Part of any contract between service and consumer should be a clear understanding of how to manage change. This should include a definition of what constitutes breaking change and how the service will implement it. A service can’t be expected to keep older versions online forever, but it should at least provide a lengthy deprecation period.
The more widely a service is shared, the more varied the consumer requirements become. In general, some level of extensibility is helpful as it can allow consumers to add in the missing pieces rather than having to get them added to another organisation’s roadmap.
If services are shared between countries the requirements for localisation are likely to be more onerous. This will include system messages and errors – generally the last piece that anybody ever considers localising. There may also be a demand for more flexbility over branding.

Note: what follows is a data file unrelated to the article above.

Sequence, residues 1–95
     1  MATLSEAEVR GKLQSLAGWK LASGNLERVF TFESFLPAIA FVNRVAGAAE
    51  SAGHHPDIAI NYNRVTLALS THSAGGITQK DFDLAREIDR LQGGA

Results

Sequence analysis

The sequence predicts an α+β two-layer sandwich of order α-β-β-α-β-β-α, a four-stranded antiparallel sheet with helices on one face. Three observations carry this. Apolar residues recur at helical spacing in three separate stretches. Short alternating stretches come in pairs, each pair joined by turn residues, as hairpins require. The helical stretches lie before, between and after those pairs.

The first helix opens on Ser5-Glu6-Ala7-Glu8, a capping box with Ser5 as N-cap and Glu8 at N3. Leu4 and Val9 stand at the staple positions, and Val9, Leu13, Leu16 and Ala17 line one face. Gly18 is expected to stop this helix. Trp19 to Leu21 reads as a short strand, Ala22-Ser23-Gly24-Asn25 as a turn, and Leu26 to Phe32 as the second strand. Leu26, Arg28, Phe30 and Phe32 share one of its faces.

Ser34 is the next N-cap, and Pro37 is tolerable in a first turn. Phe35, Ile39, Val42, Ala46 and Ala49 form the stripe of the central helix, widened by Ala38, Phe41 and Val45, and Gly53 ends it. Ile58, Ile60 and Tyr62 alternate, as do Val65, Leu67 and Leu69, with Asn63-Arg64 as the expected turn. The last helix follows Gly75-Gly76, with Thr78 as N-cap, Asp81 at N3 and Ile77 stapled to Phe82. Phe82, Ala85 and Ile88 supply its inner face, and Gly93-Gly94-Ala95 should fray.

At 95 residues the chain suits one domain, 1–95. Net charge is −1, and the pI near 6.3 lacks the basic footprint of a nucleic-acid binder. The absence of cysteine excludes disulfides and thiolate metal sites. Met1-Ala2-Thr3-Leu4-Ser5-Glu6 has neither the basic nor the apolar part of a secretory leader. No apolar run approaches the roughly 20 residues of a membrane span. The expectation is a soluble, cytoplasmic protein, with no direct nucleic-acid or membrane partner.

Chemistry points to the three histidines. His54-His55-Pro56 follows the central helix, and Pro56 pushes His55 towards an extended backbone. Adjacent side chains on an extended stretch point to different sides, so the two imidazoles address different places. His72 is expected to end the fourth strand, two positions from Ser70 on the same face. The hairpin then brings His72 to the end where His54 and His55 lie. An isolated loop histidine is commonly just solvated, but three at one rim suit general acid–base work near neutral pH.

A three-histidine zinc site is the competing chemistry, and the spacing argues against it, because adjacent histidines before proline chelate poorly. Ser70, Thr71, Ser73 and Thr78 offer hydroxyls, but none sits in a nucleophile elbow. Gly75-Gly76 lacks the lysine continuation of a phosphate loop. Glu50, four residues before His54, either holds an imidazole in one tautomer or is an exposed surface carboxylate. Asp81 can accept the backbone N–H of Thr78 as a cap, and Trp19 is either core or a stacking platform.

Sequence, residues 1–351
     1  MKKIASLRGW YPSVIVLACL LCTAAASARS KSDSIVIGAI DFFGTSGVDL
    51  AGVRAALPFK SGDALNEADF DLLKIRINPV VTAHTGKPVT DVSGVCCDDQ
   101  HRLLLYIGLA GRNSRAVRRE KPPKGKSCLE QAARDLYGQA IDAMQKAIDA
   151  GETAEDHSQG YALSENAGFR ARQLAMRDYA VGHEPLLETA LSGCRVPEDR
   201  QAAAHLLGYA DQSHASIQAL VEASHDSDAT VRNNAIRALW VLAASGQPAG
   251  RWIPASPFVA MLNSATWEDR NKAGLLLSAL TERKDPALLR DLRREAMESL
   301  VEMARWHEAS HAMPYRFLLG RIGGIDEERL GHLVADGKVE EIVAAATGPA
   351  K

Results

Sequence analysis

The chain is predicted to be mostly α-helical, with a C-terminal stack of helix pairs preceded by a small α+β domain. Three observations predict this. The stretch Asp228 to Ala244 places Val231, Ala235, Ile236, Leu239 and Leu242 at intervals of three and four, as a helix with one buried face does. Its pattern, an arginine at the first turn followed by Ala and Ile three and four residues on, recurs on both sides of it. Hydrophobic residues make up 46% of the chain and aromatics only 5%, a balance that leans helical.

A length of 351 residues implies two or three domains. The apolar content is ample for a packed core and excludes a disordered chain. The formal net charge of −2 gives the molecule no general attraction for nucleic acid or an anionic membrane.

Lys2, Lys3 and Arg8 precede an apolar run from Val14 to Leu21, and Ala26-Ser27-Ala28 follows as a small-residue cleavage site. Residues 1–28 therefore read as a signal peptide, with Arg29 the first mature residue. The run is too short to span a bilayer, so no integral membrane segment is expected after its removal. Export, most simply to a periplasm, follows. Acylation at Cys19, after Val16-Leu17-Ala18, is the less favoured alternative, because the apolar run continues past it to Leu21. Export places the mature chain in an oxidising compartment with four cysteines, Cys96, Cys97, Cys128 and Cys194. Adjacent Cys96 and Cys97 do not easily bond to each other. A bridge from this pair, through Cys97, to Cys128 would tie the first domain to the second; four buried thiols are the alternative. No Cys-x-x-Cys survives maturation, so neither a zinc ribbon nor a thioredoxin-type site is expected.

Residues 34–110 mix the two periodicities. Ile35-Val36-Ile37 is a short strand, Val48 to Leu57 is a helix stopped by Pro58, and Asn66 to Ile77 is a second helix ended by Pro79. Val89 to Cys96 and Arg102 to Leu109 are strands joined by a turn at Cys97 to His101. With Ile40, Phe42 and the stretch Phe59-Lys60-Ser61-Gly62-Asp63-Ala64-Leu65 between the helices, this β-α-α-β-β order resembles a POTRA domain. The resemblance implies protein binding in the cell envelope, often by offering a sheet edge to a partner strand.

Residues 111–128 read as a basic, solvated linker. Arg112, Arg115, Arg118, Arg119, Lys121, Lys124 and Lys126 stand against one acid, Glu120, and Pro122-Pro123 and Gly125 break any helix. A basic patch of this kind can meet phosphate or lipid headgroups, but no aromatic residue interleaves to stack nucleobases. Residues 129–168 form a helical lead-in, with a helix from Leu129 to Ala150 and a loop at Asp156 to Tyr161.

Finally, and probably most important of all, who pays for this? Assuming you can agree a financial model for compensating the organisation providing the service, should this be competitive with externally-available services? What happens when a consumer wants to stop using the service? Are they allowed to withdraw or is there a notice period?
This brings us back to considering the trading-off the benfits to the consumer. Any charge-back has to be very carefully calibrated alongside all the other aspects of service delivery. After all, it would be difficult to justify charging a significant fee for am external service with a limited SLA, oblique roadmap and patchy documentation.